She did not see Thomas again until after his death, Walawender said. Since his death, a slew of documents and statements from investigators has emerged, shedding light on the dark side of Thomas' life with his father.

When Thomas and his brothers lived with their father, they at times were forced to sleep in the garage without sheets, pillows, blankets or mattresses, prosecutors said last week. The children were physically assaulted, including once when Pollina threw and dragged Thomas down the stairs, prosecutors said.

Those who knew Thomas said that despite all he went through, he retained his sense of joy and sweetness. He remained, they said, a little boy.

"He was my little hero," said Zubko-Valva, standing outside her brick town house in Valley Stream.

“Thomas was always singing and dancing; he was such a ball of joy,” said Ewa Pienkowski of East Meadow, who has known Thomas' mother since they went to college together. 

The boy loved to draw pictures. His mother cherishes them now, especially the ones he did for her. Her favorite: the drawing Thomas gave her of hearts and flowers.

"This is for you Mommy," he told her.

Thomas' first words

By the time Thomas was 2 years old, he still hadn't started speaking words, which many kids do by their first birthday. He didn't make a lot of eye contact with people, either.

His mother recalled, “It was a mild form of autism, but it was something that needed to be addressed, because when it’s addressed early on, then the child has the biggest chance to make the most improvements.”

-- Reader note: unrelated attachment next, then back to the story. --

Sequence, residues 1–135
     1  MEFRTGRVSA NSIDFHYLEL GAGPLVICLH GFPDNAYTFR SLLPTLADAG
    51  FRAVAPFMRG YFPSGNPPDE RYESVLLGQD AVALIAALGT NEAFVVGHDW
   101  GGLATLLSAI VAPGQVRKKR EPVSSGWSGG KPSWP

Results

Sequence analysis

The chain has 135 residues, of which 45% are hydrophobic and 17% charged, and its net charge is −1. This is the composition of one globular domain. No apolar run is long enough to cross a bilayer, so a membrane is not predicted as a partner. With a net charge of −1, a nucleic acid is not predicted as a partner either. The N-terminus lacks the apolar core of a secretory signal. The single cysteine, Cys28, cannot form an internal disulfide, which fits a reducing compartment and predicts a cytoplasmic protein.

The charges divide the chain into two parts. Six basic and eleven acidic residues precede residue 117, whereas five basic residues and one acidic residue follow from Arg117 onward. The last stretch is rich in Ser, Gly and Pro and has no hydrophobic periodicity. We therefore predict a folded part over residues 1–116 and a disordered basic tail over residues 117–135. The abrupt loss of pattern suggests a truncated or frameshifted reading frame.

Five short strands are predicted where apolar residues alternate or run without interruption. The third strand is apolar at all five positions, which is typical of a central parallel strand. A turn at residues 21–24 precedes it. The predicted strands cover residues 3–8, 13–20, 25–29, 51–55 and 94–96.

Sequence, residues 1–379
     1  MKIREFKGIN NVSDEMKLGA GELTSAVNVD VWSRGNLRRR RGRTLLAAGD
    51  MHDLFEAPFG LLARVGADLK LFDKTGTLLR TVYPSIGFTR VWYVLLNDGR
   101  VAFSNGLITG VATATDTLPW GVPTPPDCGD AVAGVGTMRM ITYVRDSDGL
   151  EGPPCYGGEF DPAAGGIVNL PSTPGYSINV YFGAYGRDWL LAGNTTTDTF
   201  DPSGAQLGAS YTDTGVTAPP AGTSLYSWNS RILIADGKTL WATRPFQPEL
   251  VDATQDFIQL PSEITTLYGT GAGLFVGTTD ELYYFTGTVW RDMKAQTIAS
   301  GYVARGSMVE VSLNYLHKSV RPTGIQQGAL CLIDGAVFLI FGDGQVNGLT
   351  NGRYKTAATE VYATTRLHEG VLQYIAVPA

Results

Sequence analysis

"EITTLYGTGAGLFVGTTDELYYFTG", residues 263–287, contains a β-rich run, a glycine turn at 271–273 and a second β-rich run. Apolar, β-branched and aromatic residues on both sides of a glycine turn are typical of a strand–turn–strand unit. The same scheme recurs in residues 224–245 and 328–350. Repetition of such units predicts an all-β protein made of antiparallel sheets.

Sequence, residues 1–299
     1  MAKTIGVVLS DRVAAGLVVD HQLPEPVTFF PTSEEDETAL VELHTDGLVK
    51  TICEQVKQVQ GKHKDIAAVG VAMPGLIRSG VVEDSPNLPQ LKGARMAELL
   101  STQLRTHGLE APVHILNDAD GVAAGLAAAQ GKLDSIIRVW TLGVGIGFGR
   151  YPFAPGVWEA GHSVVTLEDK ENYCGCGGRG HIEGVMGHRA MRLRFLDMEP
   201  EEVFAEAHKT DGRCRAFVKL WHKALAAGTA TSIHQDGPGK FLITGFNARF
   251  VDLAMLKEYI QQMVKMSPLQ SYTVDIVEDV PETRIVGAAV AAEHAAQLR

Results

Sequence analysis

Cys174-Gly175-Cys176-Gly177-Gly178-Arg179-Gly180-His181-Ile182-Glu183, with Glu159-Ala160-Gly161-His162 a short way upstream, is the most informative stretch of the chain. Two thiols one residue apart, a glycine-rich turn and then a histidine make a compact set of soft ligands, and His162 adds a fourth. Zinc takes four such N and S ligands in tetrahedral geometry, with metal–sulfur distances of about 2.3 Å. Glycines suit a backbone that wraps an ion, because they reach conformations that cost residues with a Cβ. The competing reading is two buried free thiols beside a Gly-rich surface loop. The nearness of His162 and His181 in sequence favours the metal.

That is when Kim Taylor entered his life. A speech pathologist, Taylor worked for a company contracted through the Nassau County Early Intervention program.

Twice a week for about a year, Taylor worked with Thomas at the Valley Stream house. His mother and father were still together then. Thomas had his big brother Anthony, now 10, and a younger one, Andrew, now 6.

Taylor spent a half-hour each trip working with Thomas. They played with blocks, balls, puzzles and picture cards. They clapped together as she sang him songs, she said.

"He was a bright, incredible little boy," said Taylor, 56, of Baldwin. "The eye contact was fleeting, but improving."

After about four months of working together, Taylor and Thomas were playing a game where they rolled a ball back and forth between them. At each pass, Taylor would call out "Go." 

Then came a breakthrough. Thomas broke his silence.

"Go," Thomas said.

They both got excited. So did Thomas' mother, who Taylor said sat through every session.

A month later, while playing the same ballgame, came another word.